How does that idea connect to what we are learning about?
The EXPLORE stage of the lesson is to get students involved in the topic so that they start to build their own understanding. To help students explore the essential questions, concrete examples and experiences need to be provided throughout the unit. This student need can be addressed by the strategy called "Point it Out", which is described in this section's reflection: Helping Students Connect the Dots. As these golden moments for connections to the essential questions happen, students are encouraged to record additional thoughts on their Forces and Motion EQ and Warm Up Organizer. This running record of ideas will be used to complete a final draft project during the EXPLAIN stage of the lesson.
As the unit comes to a close, students use the Forces and Motion Essential Question Final Project Handout to decide how they would like to finalize their ideas about the essential questions. While students have choices in terms of the final format (as explained in the Final Project Handout), this opportunity to communicate what they have learned has the following requirements:
â Make a claim
â Explore the core idea of the essential question using details
â Support your EQ with evidence from at least one class investigation
â Identify and explain at least one relevant connection to reality
Many students struggle with synthesizing all of these pieces into one coherent argument. Providing structure and instruction is necessary during the first few go-rounds with writing essential question arguments. For more on this topic, view an associated lesson: Writing Arguments from Evidence. Simple sentence starters like these also help promote coherent arguments:
What I think about Essential Question #___ is__________________________________.
One investigation that helped me understand this Essential Question is_______________.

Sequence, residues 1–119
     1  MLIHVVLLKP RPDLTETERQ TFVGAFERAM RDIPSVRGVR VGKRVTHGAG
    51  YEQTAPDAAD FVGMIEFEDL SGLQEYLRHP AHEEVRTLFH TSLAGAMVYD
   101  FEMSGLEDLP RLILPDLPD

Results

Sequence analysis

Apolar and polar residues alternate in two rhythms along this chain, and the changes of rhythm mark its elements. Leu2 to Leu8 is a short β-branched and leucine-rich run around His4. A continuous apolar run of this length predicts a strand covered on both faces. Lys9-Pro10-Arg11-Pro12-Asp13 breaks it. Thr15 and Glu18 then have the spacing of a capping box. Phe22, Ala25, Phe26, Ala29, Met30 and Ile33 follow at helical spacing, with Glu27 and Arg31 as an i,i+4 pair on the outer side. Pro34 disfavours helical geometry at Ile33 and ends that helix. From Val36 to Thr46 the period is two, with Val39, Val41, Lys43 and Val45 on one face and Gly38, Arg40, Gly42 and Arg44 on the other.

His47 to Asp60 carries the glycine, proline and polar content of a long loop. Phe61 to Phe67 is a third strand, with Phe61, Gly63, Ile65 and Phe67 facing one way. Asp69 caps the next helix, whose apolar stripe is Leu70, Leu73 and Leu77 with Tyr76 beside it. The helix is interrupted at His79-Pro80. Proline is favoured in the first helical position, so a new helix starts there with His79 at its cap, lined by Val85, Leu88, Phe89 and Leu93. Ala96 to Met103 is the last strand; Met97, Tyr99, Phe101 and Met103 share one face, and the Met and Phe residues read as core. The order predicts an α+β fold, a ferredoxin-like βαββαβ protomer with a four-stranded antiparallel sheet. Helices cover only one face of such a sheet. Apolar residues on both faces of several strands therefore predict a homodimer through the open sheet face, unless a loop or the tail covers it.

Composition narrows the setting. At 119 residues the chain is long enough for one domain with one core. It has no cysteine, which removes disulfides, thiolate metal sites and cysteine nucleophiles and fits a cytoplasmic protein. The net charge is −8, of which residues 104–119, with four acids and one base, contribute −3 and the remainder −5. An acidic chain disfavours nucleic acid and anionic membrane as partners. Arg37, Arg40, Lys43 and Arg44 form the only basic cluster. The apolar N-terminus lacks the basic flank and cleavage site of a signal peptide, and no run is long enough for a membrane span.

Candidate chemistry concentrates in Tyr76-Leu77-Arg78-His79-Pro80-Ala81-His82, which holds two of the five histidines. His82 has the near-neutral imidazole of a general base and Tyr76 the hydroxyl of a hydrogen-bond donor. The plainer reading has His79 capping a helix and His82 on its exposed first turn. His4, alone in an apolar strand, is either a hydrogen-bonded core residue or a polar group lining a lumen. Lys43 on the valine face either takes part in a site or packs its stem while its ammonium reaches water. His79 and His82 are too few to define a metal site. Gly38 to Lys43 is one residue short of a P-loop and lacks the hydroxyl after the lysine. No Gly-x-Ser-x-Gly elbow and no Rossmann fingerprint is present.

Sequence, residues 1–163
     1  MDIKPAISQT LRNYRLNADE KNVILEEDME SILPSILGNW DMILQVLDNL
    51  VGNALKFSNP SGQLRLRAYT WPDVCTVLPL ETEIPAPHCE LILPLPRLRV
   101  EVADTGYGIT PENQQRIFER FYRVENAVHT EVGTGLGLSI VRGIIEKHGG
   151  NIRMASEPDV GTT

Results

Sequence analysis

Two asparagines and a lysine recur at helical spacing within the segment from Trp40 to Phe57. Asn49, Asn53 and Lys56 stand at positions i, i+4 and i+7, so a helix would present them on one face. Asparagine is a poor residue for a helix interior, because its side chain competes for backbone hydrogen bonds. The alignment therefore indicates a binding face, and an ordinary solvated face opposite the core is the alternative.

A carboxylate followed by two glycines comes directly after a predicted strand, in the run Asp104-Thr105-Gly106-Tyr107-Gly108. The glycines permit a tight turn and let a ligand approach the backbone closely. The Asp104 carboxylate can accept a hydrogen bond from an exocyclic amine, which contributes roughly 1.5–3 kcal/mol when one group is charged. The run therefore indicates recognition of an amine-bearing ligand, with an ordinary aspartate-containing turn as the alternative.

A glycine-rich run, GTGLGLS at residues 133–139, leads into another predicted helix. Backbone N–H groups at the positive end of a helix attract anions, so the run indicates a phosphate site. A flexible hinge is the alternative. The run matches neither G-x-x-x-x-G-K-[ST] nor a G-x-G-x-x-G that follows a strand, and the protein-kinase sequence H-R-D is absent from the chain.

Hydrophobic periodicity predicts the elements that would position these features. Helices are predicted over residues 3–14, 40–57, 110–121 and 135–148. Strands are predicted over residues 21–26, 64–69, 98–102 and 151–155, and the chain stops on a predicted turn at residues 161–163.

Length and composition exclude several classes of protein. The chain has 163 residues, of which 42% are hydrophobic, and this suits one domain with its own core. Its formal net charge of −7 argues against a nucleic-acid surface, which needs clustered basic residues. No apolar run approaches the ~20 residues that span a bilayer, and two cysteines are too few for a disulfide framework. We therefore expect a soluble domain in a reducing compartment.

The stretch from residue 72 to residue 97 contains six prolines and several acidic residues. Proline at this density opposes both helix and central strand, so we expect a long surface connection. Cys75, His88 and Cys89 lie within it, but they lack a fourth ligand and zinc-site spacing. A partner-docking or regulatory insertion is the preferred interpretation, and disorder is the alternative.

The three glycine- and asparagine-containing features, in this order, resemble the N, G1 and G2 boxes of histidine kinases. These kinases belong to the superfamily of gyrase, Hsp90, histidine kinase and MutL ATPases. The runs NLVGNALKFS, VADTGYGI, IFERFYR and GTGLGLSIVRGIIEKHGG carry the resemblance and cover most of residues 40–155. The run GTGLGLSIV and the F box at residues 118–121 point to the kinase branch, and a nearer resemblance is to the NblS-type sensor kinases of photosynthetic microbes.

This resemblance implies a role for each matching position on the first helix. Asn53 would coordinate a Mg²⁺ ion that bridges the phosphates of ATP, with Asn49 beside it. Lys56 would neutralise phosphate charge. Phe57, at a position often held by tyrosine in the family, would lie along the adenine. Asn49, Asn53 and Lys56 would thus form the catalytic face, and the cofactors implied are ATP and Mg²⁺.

This investigation helped me understand by____________________________________.
One way this question relates to my life is_____________________________________.
This connection to my life is important because_________________________________.
To EXTEND is to apply the essential questions to novel situations. Extension opportunities are built into this lesson since students are encouraged to make deeper connections as they analyze the essential questions. Students are able to draw upon outside resources, background knowledge and current events to make their responses even richer.
The EVALUATION stage is for both students and teachers to determine how much learning and understanding has taken place. Evaluation takes two forms in this lesson: students evaluate the completeness of their essential question responses using the Essential Question Checklist. This video shows the self-evaluation process.
Upon submission, I use the same checklist to provide feedback on student work such as these examples: Forces and Motion Essential Question - Student Work and Forces and Motion Essential Question - Student Project. Other than completion feedback, students really appreciate receiving feedback on their creative connections. This feedback can lead to inspiring dialogue in both written or verbal form.